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(WALLOPS, Va.) — An unmanned space station supply rocket exploded Tuesday night, six seconds after launch from Wallops Island, Virginia.

Orbital Sciences Corp. said in a tweet shortly after the explosion that there had been “a vehicle anomaly. We will update as soon as we are able.”

The cargo rocket was supposed to launch Monday night, but that had to be scrubbed because a boat was too close to the “hazard zone” near the launch site.

This launch was the third of eight International Space Station cargo resupply missions under NASA’s $1.9 billion contract with Orbital Sciences Corp. of Dulles, Virginia. Orbital provides the launch vehicle and cargo spacecraft, and NASA runs the range operations.

The Antares rocket was carrying 4,483 pounds of equipment to the station, including 1,360 pounds of food.

Orbital Sciences said everyone at the launch site had been accounted for, and the damage appeared to be limited to the facilities.

NASA spokesman Rob Navias said there was nothing urgently needed by the space station crew on that flight.

The cargo ship was the fourth Cygnus bound for the orbiting lab; the first flew just over a year ago. This was the first catastrophic problem with the launches.

Shares of Orbital Sciences, which has the NASA contract to supply the station, fell 14 percent in after-hours trading after news of the launch failure.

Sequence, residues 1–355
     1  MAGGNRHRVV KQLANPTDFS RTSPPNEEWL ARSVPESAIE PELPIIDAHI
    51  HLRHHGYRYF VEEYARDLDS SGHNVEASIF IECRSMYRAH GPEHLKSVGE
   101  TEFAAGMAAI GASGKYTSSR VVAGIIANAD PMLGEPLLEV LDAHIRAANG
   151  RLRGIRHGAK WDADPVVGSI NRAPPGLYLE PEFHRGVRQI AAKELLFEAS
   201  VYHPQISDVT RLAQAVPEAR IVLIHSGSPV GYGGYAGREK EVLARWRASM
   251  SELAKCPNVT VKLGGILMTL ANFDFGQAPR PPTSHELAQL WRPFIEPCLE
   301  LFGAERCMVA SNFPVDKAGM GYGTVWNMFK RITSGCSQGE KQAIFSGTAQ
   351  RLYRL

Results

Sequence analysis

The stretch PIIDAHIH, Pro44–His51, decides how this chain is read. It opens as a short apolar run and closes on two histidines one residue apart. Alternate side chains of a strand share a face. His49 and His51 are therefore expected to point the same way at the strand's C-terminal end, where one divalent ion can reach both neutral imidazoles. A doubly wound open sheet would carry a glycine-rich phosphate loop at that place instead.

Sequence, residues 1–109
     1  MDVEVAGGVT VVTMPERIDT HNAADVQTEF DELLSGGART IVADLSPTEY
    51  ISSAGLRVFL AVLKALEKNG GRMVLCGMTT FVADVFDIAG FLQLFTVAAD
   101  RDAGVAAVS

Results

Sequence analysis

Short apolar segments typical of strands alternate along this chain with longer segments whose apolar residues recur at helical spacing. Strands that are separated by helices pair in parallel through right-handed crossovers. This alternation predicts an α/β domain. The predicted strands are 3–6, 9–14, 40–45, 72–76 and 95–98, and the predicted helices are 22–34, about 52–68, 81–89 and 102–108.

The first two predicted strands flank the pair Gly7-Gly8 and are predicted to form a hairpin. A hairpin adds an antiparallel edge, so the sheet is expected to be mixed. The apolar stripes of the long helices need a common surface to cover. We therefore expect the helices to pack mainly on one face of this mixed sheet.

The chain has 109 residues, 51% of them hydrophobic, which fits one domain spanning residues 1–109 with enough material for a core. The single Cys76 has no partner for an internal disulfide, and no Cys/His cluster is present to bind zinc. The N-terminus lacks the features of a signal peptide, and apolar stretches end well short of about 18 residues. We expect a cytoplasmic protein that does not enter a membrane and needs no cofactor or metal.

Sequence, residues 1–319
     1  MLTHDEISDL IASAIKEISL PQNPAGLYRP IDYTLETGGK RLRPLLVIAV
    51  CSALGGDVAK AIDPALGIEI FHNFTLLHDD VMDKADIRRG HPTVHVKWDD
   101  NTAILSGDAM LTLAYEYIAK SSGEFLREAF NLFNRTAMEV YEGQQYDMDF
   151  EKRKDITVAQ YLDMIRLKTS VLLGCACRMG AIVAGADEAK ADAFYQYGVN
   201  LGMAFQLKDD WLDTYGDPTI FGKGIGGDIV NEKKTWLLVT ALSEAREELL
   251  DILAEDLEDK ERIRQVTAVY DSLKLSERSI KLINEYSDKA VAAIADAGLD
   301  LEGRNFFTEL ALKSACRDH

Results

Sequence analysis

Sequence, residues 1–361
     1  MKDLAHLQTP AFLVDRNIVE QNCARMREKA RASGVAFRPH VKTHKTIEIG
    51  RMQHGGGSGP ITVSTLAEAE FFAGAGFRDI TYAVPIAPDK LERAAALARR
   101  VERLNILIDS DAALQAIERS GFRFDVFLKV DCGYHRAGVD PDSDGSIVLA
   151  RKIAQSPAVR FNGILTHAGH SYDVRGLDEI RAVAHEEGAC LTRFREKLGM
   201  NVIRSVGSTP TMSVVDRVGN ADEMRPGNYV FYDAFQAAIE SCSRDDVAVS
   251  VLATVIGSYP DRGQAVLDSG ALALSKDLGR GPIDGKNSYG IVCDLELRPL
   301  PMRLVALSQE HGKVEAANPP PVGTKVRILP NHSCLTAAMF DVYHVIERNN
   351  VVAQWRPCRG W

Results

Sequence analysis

Among the science cargo Cygnus was to transport to the space station was a study to enable the first space-based observations of meteors entering Earth’s atmosphere; a multitude of student investigations covering topics such as the effects of microgravity on plant growth and the rates of milk spoilage in space; and international research including a study to determine how blood flows from the brain to the heart in the absence of gravity.

On Monday evening, a sailboat about 26 feet long entered the hazard zone early in the launch count, NASA reported. The “hazard area” for the launch of the Antares is about 1,400 square miles off the coast of Wallops Island along the eastern shore of Virginia.

“Radar aircraft detected the boat and hailed it several times, but there was no response. A spotter plane made multiple passes around the boat at low altitudes using commonly understood signals such as wing waving to establish contact. However, the operator did not respond,” NASA said in a statement.

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